One Laptop per Child Lands in India
Tuesday, August 5, 2008
The Indian government wasn’t interested, so OLPC partners with Reliance ADA Group to bring computers to India’s primary school kids.
By Nandini Lakshman
Nicholas Negroponte has found it tough going in India. For years as the head of MIT’s Media Lab, the famed computer scientist promoted radical ways to use technology to transform society. His best-known idea is the One Laptop per Child (OLPC) program (BusinessWeek, 6/5/08), a plan to make a simple, $100 laptop that would create a digitally literate generation in the hardscrabble classrooms of emerging-market nations. The laptop, now dubbed the XO, is finally being mass-produced in China.
In 2001, the computer scientist came to India to promote the Media Lab, but failed to impress New Delhi. Negroponte clearly fell off the India map, when then-Information Technology Minister Arun Shourie dismissed his efforts as “pedagogically suspect” and wanted more accountability. When Negroponte’s nonprofit One Laptop per Child foundation approached the Indian government in 2006, his project was again rebuffed by India’s then-Education Secretary, Sudeep Banerjee (BusinessWeek.com, 8/16/06).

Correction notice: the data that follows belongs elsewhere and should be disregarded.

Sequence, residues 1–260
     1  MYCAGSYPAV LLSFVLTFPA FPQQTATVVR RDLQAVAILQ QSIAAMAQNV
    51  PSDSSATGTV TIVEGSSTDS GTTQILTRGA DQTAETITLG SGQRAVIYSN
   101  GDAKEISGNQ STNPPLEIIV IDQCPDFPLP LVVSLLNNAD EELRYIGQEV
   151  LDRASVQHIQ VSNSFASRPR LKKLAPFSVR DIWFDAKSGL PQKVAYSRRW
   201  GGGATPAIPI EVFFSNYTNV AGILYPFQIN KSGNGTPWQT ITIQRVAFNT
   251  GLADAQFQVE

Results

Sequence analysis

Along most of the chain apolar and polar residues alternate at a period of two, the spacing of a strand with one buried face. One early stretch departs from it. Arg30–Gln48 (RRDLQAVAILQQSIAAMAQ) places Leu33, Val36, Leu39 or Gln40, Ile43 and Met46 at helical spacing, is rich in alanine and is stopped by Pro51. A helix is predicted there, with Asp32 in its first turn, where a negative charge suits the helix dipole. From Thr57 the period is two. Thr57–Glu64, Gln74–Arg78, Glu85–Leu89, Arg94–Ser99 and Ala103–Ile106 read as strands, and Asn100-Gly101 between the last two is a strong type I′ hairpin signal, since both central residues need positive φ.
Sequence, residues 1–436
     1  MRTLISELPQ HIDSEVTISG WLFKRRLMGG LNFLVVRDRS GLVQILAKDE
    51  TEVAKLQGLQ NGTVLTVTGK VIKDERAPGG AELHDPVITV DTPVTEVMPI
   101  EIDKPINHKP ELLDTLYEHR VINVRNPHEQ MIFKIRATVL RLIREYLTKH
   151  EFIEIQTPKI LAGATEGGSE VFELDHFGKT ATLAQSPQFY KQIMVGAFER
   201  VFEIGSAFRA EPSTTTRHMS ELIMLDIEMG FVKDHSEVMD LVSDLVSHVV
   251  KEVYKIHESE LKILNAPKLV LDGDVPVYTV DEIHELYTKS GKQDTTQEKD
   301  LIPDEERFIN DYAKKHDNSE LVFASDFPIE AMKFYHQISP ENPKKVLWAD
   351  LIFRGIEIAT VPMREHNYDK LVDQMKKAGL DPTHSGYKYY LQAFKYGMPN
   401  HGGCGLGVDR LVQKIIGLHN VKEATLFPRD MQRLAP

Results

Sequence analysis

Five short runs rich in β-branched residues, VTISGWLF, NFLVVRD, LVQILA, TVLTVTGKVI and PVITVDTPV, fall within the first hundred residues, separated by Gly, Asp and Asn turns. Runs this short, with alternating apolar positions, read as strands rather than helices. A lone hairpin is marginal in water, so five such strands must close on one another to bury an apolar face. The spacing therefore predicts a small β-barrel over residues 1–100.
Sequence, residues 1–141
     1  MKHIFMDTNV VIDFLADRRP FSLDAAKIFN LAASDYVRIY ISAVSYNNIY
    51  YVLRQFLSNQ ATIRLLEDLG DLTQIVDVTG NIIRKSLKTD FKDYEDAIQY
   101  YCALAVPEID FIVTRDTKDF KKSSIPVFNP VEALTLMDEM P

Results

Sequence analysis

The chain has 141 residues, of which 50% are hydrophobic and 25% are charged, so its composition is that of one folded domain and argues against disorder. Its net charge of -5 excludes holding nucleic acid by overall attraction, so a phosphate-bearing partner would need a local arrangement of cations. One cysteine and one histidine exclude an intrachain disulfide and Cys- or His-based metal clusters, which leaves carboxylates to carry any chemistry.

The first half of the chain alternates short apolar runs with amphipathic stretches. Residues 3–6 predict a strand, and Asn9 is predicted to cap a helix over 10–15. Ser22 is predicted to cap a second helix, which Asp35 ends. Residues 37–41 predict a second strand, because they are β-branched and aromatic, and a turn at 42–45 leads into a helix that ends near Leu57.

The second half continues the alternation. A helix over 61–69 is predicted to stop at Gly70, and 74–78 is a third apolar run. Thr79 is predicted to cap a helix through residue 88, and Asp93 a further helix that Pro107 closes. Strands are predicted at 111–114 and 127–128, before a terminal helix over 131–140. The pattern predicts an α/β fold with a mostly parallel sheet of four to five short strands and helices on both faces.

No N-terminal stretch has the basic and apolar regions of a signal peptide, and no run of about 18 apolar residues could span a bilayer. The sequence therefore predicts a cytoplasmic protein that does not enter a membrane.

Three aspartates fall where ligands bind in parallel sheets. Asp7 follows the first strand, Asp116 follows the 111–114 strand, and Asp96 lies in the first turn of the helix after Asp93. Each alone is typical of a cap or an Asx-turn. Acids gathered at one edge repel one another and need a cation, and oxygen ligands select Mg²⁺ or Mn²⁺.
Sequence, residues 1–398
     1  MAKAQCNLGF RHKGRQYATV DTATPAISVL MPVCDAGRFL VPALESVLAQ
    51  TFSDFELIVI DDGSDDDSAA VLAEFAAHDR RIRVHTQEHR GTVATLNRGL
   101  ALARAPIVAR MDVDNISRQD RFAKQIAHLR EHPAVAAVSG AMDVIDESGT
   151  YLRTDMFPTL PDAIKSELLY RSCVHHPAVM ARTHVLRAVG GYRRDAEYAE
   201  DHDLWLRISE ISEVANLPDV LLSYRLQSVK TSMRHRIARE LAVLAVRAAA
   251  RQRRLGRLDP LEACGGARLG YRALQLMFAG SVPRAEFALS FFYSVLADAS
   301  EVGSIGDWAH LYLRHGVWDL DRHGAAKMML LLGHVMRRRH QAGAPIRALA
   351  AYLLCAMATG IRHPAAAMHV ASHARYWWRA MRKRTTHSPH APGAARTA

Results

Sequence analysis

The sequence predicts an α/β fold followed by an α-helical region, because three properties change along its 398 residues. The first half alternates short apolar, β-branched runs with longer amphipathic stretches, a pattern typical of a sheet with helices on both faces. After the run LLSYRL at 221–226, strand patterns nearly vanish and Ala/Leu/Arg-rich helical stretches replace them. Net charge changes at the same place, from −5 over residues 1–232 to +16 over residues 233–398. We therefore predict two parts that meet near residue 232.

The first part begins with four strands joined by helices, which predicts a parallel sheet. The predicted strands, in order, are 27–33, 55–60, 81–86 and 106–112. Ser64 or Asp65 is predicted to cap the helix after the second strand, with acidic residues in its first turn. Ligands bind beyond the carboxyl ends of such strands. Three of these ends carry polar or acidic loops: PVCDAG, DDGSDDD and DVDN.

Two years later, Negroponte is back to open a new office in New Delhi and launch the OLPC program in India on Aug. 4. Despite all the rebuffs, Negroponte’s urge to sell in India is stronger than ever. “India is the largest market for us, and I had to be here,” he says. More important, Negroponte has a new partner-one of India’s politically influential private-sector conglomerates. The Digital Bridge Foundation, part of Reliance ADA Group, owned by Indian billionaire Anil Ambani, is providing the technology backbone and logistics for the installation of OLPC’s white and green XO laptops in primary schools.